A Publication of WTVP

In today’s society, as a good steward of charitable dollars, it’s of utmost importance to continually demonstrate the effectiveness of the health and social service programs we fund. Our contributors—and the community—must be assured that their investments to the Heart of Illinois United Way are worthwhile.

Like many charities and foundations, our United Way places high importance on evaluation, particularly in regard to the grant proposals we receive from member agencies. Evaluation is an opportunity to receive, and then share with our contributors, outcome data that helps the community assess the extent of change our local health and social service programs provide. More than 65 volunteers from diverse segments of our community evaluate these programs to ensure contributions to the United Way are being well spent and making the greatest impact possible.

Evaluation efforts must be community-based so they continue to address critical local issues—not only proving a program or service works, but also allowing agencies opportunities for improvement.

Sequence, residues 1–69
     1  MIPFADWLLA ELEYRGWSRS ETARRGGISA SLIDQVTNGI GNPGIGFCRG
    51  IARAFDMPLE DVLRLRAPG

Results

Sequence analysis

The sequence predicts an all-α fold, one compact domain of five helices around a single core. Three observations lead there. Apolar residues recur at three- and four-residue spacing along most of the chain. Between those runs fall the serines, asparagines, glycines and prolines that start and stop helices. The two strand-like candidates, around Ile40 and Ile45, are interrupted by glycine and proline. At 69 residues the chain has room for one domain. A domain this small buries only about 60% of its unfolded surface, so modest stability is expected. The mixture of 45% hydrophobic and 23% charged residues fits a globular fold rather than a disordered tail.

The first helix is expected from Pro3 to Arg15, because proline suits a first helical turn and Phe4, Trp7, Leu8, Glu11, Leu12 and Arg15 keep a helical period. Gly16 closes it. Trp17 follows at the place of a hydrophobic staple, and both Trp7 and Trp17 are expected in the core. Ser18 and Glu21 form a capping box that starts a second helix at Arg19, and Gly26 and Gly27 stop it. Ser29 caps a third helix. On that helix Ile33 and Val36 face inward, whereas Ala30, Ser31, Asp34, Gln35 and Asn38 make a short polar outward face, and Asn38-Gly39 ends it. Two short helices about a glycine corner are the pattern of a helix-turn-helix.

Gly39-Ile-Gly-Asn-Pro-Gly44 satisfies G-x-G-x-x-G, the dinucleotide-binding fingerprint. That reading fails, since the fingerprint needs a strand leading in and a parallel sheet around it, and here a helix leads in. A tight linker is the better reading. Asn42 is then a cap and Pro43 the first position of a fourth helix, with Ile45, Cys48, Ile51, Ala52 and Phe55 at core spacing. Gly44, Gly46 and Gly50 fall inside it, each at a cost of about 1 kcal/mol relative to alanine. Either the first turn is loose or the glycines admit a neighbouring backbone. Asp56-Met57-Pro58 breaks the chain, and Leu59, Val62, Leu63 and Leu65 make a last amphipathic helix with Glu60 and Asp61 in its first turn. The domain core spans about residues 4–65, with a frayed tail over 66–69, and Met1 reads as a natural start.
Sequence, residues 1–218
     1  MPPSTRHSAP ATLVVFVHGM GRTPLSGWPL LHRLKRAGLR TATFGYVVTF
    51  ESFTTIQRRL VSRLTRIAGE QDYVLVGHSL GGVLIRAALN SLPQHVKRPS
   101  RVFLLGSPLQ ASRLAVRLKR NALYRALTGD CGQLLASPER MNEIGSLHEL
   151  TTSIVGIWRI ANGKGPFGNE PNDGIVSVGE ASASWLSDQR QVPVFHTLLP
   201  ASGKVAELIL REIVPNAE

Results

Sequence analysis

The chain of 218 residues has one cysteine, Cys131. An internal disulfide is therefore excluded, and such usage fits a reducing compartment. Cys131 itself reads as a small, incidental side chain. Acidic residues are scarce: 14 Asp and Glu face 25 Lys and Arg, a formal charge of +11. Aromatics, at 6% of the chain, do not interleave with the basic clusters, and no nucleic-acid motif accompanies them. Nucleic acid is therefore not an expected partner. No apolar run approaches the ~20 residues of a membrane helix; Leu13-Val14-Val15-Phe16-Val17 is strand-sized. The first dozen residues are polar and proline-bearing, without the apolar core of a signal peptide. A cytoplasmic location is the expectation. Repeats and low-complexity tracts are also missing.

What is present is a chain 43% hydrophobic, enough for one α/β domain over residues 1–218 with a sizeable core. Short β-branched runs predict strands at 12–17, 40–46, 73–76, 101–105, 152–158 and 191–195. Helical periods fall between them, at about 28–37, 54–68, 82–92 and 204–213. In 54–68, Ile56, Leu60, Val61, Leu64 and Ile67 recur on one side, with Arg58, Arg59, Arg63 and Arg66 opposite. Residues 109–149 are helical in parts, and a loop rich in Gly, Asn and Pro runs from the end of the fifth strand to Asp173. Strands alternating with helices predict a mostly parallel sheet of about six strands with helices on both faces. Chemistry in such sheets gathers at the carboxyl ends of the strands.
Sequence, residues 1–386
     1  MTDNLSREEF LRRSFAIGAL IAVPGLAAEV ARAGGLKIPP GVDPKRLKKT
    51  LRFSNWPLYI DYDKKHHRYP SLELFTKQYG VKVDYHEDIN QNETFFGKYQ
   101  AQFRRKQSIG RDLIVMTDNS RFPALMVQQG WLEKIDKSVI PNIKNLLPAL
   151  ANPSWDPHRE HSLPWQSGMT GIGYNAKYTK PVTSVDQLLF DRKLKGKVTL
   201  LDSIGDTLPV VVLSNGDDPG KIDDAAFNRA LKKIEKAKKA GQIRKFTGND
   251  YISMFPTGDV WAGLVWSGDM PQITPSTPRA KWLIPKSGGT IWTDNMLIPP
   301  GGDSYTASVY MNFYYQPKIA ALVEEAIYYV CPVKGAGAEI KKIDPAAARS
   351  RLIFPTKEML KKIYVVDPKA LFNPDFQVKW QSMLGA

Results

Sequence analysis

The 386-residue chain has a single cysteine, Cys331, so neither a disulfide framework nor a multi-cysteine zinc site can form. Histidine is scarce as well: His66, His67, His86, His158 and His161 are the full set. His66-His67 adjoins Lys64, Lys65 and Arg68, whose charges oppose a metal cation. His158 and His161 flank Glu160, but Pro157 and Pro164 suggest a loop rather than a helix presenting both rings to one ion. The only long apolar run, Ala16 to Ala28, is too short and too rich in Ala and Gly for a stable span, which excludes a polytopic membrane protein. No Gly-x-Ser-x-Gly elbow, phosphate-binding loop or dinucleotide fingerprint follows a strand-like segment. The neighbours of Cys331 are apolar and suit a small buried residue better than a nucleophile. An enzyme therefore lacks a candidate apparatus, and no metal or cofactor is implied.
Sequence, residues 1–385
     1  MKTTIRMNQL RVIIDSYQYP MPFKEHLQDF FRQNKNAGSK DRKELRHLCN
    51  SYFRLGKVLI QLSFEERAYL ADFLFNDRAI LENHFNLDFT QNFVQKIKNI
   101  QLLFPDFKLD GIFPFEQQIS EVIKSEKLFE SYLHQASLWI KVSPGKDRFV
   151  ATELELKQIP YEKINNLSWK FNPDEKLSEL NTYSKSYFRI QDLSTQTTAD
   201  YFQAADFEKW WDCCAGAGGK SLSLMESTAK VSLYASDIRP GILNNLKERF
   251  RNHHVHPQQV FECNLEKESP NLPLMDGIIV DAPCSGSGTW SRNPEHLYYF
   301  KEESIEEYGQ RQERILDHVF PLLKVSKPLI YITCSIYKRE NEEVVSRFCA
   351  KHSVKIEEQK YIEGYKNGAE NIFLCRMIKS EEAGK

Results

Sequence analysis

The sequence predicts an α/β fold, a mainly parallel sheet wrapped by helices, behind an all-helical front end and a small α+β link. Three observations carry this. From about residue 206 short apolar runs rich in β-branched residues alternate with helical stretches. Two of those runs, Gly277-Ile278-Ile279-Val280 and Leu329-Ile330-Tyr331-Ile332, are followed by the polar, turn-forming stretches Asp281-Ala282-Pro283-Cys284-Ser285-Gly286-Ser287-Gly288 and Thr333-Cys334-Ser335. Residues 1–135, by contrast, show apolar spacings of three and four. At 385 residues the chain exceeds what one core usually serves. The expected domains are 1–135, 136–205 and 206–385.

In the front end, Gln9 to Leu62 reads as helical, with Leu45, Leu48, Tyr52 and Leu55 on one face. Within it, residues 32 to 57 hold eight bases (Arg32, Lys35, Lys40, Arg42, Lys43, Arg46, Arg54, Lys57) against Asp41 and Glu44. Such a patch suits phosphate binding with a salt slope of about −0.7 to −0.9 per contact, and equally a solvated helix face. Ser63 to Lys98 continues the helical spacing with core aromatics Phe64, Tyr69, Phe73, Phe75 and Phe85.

The Heart of Illinois United Way uses two sets of criteria for evaluating requests for funding. In the first set, programs must be able to show they’re well managed, have diverse funding sources, seek out opportunities for collaboration, and provide successful client-based outcomes. In addition, and key to United Way’s efforts of community problem solving, programs requesting funds must address one of the issue areas defined by the United Way in response to community needs and conditions; these issue areas include youth, families, self-reliance, and health.

The second set of criteria used in the United Way’s evaluation process provides additional standards to assess a program’s quality and impact. These consider whether or not the program serves at-risk populations, if the program is focused on prevention, if the agency providing the program is fiscally sound, if the agency provides scholarships and sliding-fee scales to address clients’ varying ability to pay for services, and if the agency effectively utilizes volunteers in their programs.

Effective evaluation isn’t a one-time occurrence but, rather, an ongoing process that demonstrates how programs are being managed, how they’re changing clients’ lives, and how they’re impacting the community. Evaluation takes many steps to be effective—from the initial assessment of community needs to connecting those needs to agency programs, and ultimately, providing results to our contributors so they know they’ve made the best investment of their charitable dollars. IBI